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EVIDENCE - Admissibility - Prejudicial evidence - Methods of proof 

Thursday, December 17, 2020 @ 6:18 AM  

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Appeal by the accused from conviction for possession of anabolic steroids and cocaine for the purpose of trafficking and possession of the proceeds of crime. This case emerged from a large organized crime investigation but resulted in a straightforward possession and proceeds of crime trial against the appellant. Police discovered large quantities of steroids in the appellant’s home and a canister containing cocaine buried 100 metres behind the home. Throughout the trial, the Crown repeatedly tendered evidence suggesting that the appellant was associated with the Hells Angels. Two officers provided detailed testimony about the surveillance of the appellant at a meeting with a known member of the Hells Angels. Throughout the trial, it was insinuated the appellant was a target of a broad police investigation into bikers and organized crime. The appellant argued that the cumulative effect of the Hells Angels evidence rendered his trial unfair and that the trial judge erred in admitting and then failing to contain prejudicial bad character evidence related to his apparent association with the Hells Angels motorcycle club. He also argued that certain intercepted communications relied upon by the Crown constituted bad character evidence that portrayed him as someone who was well-versed in the intricacies of the drug world and the criminal justice system.

HELD: Appeal allowed. New trial ordered. The Hells Angels evidence should never have been admitted as it was irrelevant to any material issue and was highly prejudicial. The appellant’s possession of biker clothing did not advance the trial in any way other than stirring the prohibited inference that the appellant was a bad person and therefore more likely to have committed the offences. Although it emerged as a seemingly minor distraction at the beginning of the Crown’s case, it cascaded into a theme that pervaded the trial. In his final instructions, the trial judge gave the jury a very brief instruction not to use this bad character evidence to infer that the appellant had a propensity to commit the offences that he was charged with. However, this warning did not remedy the unfairness that suffused this trial. The trial judge should have directed the Crown to tell its police witnesses to make no reference to the Hells Angels when testifying. The inference flowing from the fact that the appellant was a target in the investigation was that he was a player in a network of organized crime that was the subject of a province-wide investigation. This was highly prejudicial bad character evidence. The Crown should have been prohibited from eliciting testimony from officers about the scope and nature of the broader investigation. The intercepted conversation suggested that the appellant was knowledgeable of fentanyl, a notoriously dangerous drug that had nothing to do with the charges he faced. It painted the appellant as someone with broad knowledge of the criminal justice system. As with the Hells Angels evidence, the conversation portrayed the appellant as a person of bad character who associated with other criminals. The trial judge did not caution the jury not to draw impermissible inferences from this intercepted conversation. The anecdotal testimony of a police officer regarding the likelihood of possession of the steroids for personal use exceeded the proper bounds of opinion evidence and culminated in a subtle reversal of the burden of proof on the steroids charge. The officer’s evidence invited the appellant to prove that his case was different from all the others investigated by the officer and that he was stockpiling the steroids for personal use. This testimony compromised the appellant’s right to a fair trial on the steroids count by requiring him to prove that, regardless of a particular expert’s experience, his situation was different. The trial judge did not instruct the jury to disregard this evidence.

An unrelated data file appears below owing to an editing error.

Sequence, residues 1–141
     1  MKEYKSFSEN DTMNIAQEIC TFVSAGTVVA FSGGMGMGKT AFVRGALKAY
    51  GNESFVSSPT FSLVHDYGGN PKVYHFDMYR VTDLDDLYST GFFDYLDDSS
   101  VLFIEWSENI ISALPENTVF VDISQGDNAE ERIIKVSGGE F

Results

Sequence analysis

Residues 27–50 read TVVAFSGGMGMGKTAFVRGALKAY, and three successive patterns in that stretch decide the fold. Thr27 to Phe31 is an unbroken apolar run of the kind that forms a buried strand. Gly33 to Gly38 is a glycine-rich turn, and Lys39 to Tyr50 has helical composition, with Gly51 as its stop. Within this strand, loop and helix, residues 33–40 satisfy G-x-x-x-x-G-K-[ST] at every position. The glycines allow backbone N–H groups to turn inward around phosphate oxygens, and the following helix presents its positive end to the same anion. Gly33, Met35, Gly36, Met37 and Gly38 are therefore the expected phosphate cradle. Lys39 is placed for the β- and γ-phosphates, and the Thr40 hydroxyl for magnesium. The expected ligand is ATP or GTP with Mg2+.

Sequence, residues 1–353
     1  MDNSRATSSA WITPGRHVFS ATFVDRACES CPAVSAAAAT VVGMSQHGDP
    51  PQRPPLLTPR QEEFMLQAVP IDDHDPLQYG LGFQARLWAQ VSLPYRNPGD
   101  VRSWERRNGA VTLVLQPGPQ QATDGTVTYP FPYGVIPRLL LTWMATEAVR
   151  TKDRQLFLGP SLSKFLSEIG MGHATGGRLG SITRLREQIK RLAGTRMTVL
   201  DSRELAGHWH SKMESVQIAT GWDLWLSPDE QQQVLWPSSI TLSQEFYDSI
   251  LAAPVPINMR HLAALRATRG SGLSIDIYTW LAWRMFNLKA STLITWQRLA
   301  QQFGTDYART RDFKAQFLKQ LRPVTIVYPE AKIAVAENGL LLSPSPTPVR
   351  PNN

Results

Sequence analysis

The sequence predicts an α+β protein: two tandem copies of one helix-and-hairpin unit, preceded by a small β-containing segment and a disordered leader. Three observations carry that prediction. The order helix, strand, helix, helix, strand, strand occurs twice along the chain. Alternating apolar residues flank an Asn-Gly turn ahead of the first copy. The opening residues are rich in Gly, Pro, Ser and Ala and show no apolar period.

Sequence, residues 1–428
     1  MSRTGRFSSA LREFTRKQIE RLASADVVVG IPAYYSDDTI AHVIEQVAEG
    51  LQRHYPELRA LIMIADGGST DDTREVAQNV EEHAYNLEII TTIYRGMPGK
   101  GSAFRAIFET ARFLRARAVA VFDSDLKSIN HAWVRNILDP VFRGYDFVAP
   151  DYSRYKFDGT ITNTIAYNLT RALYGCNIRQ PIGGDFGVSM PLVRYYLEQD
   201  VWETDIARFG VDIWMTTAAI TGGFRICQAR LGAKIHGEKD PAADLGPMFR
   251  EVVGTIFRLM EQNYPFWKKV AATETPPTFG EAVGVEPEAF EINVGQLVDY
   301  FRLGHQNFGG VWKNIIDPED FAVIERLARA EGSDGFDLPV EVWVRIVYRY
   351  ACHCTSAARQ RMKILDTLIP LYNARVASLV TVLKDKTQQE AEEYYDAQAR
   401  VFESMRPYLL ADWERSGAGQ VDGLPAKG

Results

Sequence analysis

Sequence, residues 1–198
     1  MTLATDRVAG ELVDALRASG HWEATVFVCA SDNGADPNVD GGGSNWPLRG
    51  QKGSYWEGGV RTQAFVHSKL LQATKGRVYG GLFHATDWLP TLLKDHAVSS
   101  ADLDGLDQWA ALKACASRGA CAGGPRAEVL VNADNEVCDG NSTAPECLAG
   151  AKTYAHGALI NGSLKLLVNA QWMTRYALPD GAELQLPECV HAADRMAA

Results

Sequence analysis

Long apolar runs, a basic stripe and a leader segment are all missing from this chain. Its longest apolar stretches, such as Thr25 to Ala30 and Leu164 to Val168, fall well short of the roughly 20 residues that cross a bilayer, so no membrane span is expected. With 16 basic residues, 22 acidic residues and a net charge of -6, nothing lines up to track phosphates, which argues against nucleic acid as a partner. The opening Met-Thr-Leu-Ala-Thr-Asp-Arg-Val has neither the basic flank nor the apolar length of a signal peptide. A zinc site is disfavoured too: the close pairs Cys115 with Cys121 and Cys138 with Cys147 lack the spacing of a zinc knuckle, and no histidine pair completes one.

R. v. Cook, [2020] O.J. No. 4938, Ontario Court of Appeal, D.M. Brown, G.T. Trotter and D. Paciocco JJ.A., November 17, 2020. Digest No. TLD-December142020007